Whether a spinal injury results from a car accident, a fall, or some other cause, the impact on the lives of spinal injury victims and families can be devastating -- and the lifetime medical costs associated with spinal injury can be enormous. If you or a family member have been in an accident and suffered spinal cord injury, you may be able to file a lawsuit and get compensation for your injuries and losses. This article explains spinal cord injuries and the kinds of legal issues that may come up in your case.
Spinal cord injury is damage to the spinal cord (the bundle of nerves housed within the spinal column, or "backbone," that carries messages between the brain and body) that results in full or partial loss of motor control and sensation. Spinal cord injuries can leave victims paralyzed in the lower parts of the body (paraplegic) or in all four limbs (quadriplegic). Because the spinal cord is responsible for a range of bodily functions -- like breathing, body temperature, bladder, and sexual functioning -- accident victims can suffer a broad range of permanent and serious health problems.
Spinal cord injury is usually the result of a traumatic injury or blow to the spine. According to the National Spinal Cord Injury Statistical Center, common causes of spinal cord injury are:
Spinal cord injury can also be caused by errors that occur during risky surgical procedures involving the back and the neck. In some of these cases, a spinal cord injury may have been avoidable, and the error might rise to the level of medical malpractice. (Learn more in Nolo's article Medical Malpractice Basics.)
Spinal cord injuries caused by negligence. Most spinal cord injury lawsuits (and most personal injury lawsuits in general) are based on a legal theory called negligence. If your spinal cord injury case is based on negligence -- your injury happened when a car hit your motorcycle or when you slipped and fell on a broken staircase -- you will need to prove that the party you are suing (the "defendant" in legalese) is legally responsible or "at fault." To learn about what you must prove in a negligence lawsuit, see Nolo's article Proving Fault in Personal Injury Accidents: General Rules.
Spinal cord injuries caused by defective products. If your spinal injury was caused by a defective or dangerous product (faulty seatbelts or airbags that made injuries sustained in a car accident much worse, for example), you may be entitled to compensation from the companies that designed, manufactured, and sold the product. For more information about defective product cases, see Nolo's Product Liability FAQ.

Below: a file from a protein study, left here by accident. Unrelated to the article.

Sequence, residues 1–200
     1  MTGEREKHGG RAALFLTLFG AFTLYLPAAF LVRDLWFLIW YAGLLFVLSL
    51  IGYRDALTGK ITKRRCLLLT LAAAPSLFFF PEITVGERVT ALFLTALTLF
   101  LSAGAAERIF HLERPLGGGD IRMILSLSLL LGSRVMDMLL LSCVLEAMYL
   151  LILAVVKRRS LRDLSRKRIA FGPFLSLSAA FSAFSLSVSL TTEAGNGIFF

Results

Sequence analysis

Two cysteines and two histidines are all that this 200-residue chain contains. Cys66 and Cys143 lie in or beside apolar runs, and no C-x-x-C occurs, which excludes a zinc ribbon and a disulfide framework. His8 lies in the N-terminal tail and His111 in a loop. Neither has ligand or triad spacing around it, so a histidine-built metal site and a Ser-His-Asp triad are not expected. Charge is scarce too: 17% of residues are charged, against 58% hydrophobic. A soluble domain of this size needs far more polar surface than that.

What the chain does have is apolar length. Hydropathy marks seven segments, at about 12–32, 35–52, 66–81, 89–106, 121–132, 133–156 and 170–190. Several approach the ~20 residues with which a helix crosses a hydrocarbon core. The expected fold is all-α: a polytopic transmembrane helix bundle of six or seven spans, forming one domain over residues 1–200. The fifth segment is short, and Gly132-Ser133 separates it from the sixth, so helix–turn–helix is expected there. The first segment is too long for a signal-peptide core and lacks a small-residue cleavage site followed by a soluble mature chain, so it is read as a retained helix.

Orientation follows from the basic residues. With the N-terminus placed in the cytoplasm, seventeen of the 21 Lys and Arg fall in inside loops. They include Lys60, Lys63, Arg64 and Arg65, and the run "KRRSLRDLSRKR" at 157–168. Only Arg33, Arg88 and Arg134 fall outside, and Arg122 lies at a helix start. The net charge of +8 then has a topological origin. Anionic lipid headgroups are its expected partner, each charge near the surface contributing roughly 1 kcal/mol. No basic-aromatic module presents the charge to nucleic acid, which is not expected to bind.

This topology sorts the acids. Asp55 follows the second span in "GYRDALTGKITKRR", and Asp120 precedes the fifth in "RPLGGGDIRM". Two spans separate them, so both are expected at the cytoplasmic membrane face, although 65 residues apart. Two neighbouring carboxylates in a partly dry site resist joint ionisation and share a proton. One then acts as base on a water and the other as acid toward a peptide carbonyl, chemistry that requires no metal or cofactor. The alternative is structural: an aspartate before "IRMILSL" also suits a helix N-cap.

Contributory and comparative negligence. It's not uncommon in spinal cord injury cases for a defendant to argue that the injured person's own carelessness contributed to the accident, so the defendant is not legally at fault. For example, since alcohol is a factor in many spinal cord injuries (about 1 in 4 cases according to the Mayo Clinic), a defendant might argue that the injured person's intoxication was the main cause of the accident and the resulting injuries. This defense is based on legal theories known as "contributory negligence" (the victim's carelessness contributed to the injury) and "comparative negligence" (the victim and defendant's relative carelessness are weighed).
Assumption of the risk. If your spinal cord injury occurred when you were involved in a dangerous activity (like bungee jumping or skiing, for example), the defendant will likely raise the "assumption of the risk" defense -- arguing that you chose to take part in an activity that was likely to cause you harm so you're not entitled to compensation.
These defenses -- contributory negligence, comparative negligence, assumption of the risk, and more -- are explained in Nolo's article Defenses in Personal Injury Cases.
The general purpose of a monetary award in a spinal cord injury case (as with any personal injury lawsuit) is to compensate an injured person for the losses caused by the accident and injury. To the extent that a money-based award (called "damages") can do so, payment is designed to restore the injured person to his or her pre-accident condition.
In spinal cord injury cases, damages typically include compensation that goes above and beyond reimbursement for incurred medical expenses and "pain and suffering." Since a spinal cord injury can have permanent and life-altering effects, a damages award can also include compensation for things like ongoing health care and rehabilitation, the cost of assistive devices (like motorized wheelchairs), and modifications to the injury victim's home (like access ramps and stair lifts).
Learn more about the different types of compensation available in a personal injury lawsuit in Nolo's article Damages: How Much is a Personal Injury Claim Worth?
Spinal cord injury lawsuits usually involve more complex legal and medical issues than those in a typical injury case so, if you're thinking about filing a lawsuit, you might want to speak with a lawyer who specializes in spinal cord injury litigation.
For help in choosing a good personal injury attorney, read Nolo's article Finding a Personal Injury Lawyer. Go to Nolo's Lawyer Directory for a list of personal injury attorneys in your geographical area (click on the "Types of Cases" and "Work History" tabs to find out about the lawyer's expertise, if any, with spinal cord injury cases).